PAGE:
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  • John C. Whitbeck, Jr.


    John C. Whitbeck, Jr. practices in the following areas of law: Family Law, Divorce, Child Custody, Child Support, Visitation Rights, Adoptions, Spousal Support, Mediation, Arbitration, Relocation Cases, Domestic Violence, Criminal Law, DUI/DWI, Reckless Driving, All Felonies, All Misdemeanors, Juvenile Crimes, Mental Health Law, Civil and Business Litigation, Construction Litigation, Education Law, Election Law, Debt Collection, Consumer and Lemon Law.

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  • Ruth M. McElroy


    Ruth M. McElroy practices in the following areas of law: Family law, Divorce, Child Custody, Child Support, Visitation Rights, Adoptions, Spousal Support, Relocation Cases, Pre and Post Marital Agreements, Domestic Violence, Reckless Driving, DUI/DWI, Juvenile Crimes, Felony and Misdemeanor Crimes, Traffic Offenses, Debt Collection, Civil and Business Litigation. She serves the Virginia Court system as a Guardian ad litem.

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  • Jennifer D. Cisneros


    Jennifer D. Cisneros practices in the following areas of law: Family law, Divorce, Child Custody, Child Support, Visitation Rights, Adoptions, Spousal Support, Relocation Cases, Domestic Violence, Juvenile Crimes, Reckless Driving, DUI/DWI, Estate Planning, Wills and Probate, Trusts, Civil and Business Litigation and Debt Collection.

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Reunification in Virginia Custody Cases


No child custody case is the same, and those involving an absentee parent or spouses who now live in different cities or states can present their own unique set of challenges. One term you may hear is something called reunification.

What is Reunification?

Reunification is pretty much a catch-all term used to describe reuniting family members after some sort of absence. This absence may be voluntary due to one parent choosing not to be involved in the child’s life and suddenly re-emerging in the picture. Or, maybe one parent was forced to move away for work after the spouses separate. Other scenarios may involve a more involuntary separation due to a parent’s incarceration, or a child being removed from a parent’s custody due to neglect, abuse, drugs, mental instability, or some other related issue.

In these cases, it’s not always an easy process or the obvious choice to reunite these parents with their children, at least not without court intervention to determine whether it’s safe, feasible, and in the best interest of all parties. If the reunification is not handled delicately and carefully, it could ruin the relationship and cause lasting issues with the children.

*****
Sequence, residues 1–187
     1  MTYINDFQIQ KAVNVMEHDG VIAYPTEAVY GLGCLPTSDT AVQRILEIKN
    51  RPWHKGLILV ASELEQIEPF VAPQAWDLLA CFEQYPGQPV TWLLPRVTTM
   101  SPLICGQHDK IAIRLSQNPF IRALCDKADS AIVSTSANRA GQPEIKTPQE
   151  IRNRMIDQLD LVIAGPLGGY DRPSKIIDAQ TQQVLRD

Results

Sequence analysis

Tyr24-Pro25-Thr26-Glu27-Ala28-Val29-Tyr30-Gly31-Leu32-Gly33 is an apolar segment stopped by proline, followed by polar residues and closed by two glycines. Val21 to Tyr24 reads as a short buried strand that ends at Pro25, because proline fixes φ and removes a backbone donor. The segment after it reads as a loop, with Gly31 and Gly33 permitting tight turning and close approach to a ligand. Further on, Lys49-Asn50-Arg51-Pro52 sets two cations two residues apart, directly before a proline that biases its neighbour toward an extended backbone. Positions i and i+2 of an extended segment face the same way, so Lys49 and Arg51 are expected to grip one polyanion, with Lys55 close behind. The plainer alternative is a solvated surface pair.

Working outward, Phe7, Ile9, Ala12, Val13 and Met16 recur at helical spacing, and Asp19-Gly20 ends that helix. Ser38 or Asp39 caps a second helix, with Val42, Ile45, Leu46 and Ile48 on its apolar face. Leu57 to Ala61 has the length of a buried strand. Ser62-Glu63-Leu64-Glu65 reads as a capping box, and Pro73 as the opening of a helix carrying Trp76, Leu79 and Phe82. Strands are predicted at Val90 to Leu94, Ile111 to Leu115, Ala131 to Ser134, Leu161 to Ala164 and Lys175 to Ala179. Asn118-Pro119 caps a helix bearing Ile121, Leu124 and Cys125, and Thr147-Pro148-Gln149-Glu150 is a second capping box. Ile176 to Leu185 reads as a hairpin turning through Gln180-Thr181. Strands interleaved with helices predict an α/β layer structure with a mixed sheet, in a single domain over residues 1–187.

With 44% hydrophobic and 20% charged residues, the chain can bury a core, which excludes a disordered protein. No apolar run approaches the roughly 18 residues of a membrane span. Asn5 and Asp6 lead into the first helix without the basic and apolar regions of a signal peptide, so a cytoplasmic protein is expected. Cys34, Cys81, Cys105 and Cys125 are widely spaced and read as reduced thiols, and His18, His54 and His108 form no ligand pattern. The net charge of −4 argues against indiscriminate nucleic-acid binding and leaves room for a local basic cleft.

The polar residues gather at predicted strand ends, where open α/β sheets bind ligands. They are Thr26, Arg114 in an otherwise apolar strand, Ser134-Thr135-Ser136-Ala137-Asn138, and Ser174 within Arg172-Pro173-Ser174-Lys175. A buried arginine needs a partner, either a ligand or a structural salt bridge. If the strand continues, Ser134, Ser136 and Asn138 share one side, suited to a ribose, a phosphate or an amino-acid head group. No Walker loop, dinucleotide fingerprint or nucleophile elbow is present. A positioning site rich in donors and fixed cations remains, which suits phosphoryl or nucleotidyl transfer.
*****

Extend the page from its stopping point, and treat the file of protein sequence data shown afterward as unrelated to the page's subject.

Factors for Assessing a Child’s Return Home

One of the first things to happen is to determine whether certain criteria have been met before further discussion can take place regarding reunification. There needs to be a meeting to determine whether the parent(s) have made progress is correcting whatever conditions led to the removal of the child if the separation was involuntary. Experts will look at whether the family is ready to be reunified or are still a risk to the child if placed back in the parental home.

In the case of an absent parent who suddenly reappears and files a custody and visitation order, it can be emotionally traumatic for a child to be told of a parent they barely know or may not even remember at all. You need a knowledgeable Virginia family law attorney to help ensure your child’s best interests are represented in these instances, as reunification can do more harm than good if not handled carefully.

When Reunification Goes Wrong

Sometimes the court can make a decision that doesn’t appear to be in the child’s best interest, and it can result in lasting emotional scars. The Washington Post shared a story earlier this year involving four children forced to attend a reunification program across the country with their father, who none of the kids wanted to see, let alone live with. The program was so strict the kids were not even allowed to make contact with their mother for 90 days afterwards, so as not to “damage the reunification process,” or the mother could be jailed. What was initially slated to be a four-day workshop ended up keeping these poor children away from their mother for nearly a year. In this case, it was basically a custody sham. This “program” allows the alienated parent to pay a fee to get temporary custody for this workshop, making it an uphill battle for the custodial parent to get the children back.

Contact a Leesburg Family Law Attorney

If you’re dealing with custody issues or have a deadbeat parent who suddenly reappeared in the picture and is demanding visitation rights or custody, contact our team of attorneys at Whitbeck Cisneros McElroy PC. We’re a full-service Leesburg family law firm handling custody issues in the state of Virginia. Let our knowledgeable attorneys help protect your custodial rights and ensure your child/children remain in a safe and stable environment.



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